Pretty much all hotels these days have wi-fi, often for free.

    I'd be very cautious about using your UK based mobile phones over here, especially for internet/data. Typically international roaming fees are extremely expensive. If you wanted cell phone access, you might be better off going with a prepaid "disposable" phone, and stick to using wi-fi for internet.

  8. Default

    Quote Originally Posted by Midwest Michael View Post
    Pretty much all hotels these days have wi-fi, often for free.

    I'd be very cautious about using your UK based mobile phones over here, especially for internet/data. Typically international roaming fees are extremely expensive. If you wanted cell phone access, you might be better off going with a prepaid "disposable" phone, and stick to using wi-fi for internet.
    Yep I will definitely not be using it to make calls or data (too tight for that lol), just free wifi.

    Here's a rough idea of my route, had already taken in Badwater as been there before and want my fiance to go there. Trying to remember the location of the meteorite crater. Plotting it at the moment with Microsoft Streets and Trips 2013 which work pretty well. There is an export function to GPS but not sure if I can to my TomTom

    Los Angeles - San Diego - CA-1
    San Diego - Prescott - I-8 / US-95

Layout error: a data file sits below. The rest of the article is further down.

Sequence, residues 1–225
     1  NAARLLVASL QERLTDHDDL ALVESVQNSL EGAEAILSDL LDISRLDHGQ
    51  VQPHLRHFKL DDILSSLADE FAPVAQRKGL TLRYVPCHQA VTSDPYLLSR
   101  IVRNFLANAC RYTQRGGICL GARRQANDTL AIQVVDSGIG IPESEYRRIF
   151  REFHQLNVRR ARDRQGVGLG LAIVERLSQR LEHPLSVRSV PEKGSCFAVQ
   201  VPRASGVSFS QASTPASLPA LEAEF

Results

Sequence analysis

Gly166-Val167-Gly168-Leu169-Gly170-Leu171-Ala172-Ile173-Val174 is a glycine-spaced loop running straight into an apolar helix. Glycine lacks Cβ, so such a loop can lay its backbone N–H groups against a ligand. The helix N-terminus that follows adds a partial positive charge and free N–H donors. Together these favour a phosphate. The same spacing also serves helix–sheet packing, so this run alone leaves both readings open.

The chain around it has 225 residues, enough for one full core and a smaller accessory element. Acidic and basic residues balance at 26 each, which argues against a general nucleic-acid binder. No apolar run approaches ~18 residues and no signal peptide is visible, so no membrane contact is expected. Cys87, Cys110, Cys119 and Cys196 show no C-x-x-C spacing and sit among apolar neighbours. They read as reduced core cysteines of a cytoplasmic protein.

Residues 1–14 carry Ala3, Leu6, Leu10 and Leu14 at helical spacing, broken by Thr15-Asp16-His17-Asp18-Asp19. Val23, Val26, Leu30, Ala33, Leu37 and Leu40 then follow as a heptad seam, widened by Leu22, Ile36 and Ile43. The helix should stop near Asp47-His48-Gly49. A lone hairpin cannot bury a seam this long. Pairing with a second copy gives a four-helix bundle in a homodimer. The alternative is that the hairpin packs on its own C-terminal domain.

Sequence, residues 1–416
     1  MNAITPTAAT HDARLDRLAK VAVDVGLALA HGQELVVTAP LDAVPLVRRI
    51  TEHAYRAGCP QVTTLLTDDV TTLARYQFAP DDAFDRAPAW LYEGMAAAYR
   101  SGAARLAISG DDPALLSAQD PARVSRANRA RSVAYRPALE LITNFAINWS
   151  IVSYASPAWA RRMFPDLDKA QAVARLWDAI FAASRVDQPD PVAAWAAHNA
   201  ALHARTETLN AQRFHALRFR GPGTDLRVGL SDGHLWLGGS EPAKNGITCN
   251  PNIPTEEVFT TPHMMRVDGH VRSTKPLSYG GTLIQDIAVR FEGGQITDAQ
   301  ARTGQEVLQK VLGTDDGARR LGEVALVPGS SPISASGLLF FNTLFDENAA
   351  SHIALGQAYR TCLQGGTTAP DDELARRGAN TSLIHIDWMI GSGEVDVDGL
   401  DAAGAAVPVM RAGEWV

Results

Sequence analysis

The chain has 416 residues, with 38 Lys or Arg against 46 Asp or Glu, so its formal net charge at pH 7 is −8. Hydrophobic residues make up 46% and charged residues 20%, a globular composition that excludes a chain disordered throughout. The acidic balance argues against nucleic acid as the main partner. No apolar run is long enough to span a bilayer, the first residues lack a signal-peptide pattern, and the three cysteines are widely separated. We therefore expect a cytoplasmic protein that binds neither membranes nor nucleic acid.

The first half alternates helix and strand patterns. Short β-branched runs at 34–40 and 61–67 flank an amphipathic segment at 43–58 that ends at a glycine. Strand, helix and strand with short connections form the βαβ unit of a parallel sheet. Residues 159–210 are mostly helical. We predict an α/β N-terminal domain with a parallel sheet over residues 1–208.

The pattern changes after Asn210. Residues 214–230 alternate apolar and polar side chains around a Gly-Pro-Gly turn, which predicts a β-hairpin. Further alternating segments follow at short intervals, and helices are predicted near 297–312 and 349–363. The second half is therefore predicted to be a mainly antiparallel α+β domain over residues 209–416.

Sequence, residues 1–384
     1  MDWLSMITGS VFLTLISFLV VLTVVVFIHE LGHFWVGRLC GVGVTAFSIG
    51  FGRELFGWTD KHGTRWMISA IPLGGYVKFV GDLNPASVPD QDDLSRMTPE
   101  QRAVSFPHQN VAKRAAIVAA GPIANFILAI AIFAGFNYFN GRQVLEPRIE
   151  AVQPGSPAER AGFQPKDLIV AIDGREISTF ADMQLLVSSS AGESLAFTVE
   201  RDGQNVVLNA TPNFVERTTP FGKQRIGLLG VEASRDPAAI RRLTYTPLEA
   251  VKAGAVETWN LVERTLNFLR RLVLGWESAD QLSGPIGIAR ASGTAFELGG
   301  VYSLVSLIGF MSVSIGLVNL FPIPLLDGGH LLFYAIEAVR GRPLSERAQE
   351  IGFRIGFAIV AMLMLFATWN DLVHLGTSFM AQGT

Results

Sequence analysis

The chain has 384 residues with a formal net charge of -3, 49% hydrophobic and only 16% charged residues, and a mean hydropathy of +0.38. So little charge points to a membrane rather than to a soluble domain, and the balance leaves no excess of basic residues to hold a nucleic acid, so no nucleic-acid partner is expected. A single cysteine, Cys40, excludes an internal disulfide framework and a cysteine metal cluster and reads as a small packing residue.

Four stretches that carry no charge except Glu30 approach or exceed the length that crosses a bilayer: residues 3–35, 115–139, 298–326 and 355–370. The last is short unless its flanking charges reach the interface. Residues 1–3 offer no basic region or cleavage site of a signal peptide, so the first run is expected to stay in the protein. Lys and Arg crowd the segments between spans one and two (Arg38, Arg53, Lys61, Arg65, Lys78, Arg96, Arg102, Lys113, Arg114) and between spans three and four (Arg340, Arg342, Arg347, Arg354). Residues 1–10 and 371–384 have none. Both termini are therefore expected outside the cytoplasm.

Prescott - Monument Valley - via Sedona / US-89 / US-160 / US-163
    Monument Valley - Grand Canyon - US-163 / US-160 / US-89 / US-180
    Grand Canyon - Las Vegas via glass walkway - US-180 / I-40 / US-93
    Las Vegas - Mammoth Lakes - NV160 to Pahrump / Death Valley Junction out to Badwater, back to Junction / NV-373 / US-95 / CA-266 / US-395
    Mammoth Lakes - San Francisco via Tioga Pass - US-395 / CA-120 / I-5 / I-205 / I-580
    San Francisco - San Luis Obispo - US-101 / CA-85 / C-A1
    San Luis Obispo - Los Angeles US-101

  9. #9
    Join Date
    May 2011
    Location
    Southern California
    Posts
    4,546

    Default

    I will second Michael's suggestion that motels usually have free wi-fi. In our recent travels, we have found that ALL of them do, with the exception of some Motel 6's (which may charge you $3 for the wi-fi).

    Now, whether it is GOOD reception is another story. In the past two years, I found that the worst reception was at one of the Disney hotels. For the life of me, I could not get on the Internet in the room .. I had to go down to the lobby. Since I wasn't at Disney World to play on the Internet, I didn't bother to do that more than once!

    The only other place I've had poor reception with "free wi-fi" was at an RV park. It was a huge park, and they thought that the signal would spread throughout the park. It didn't. We had to go up to the main office. Fortunately, they had a lounge ... but there was no privacy. For the most part, we did without while we stayed there.


    Donna

  10. #10
    Join Date
    Jul 2007
    Location
    South of England.
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    10,748

    Default

    Trying to remember the location of the meteorite crater.
    Meteor Crater is about 43 miles east of Flagstaff and 25 miles from Winslow. There is Sunset Volcanic crater just north of Flagstaff.

    Monument Valley - Grand Canyon - US-163 / US-160 / US-89 / US-180
    You can enter the south rim through the east kiosk on AZ64 and enjoy the viewpoints along Desert View drive. You could also check out the Cameron Trading post on US89 shortly before the turn off. You can also stay on AZ64 to Williams when exiting the park to the south, unless you want to go to Flagstaff using US180.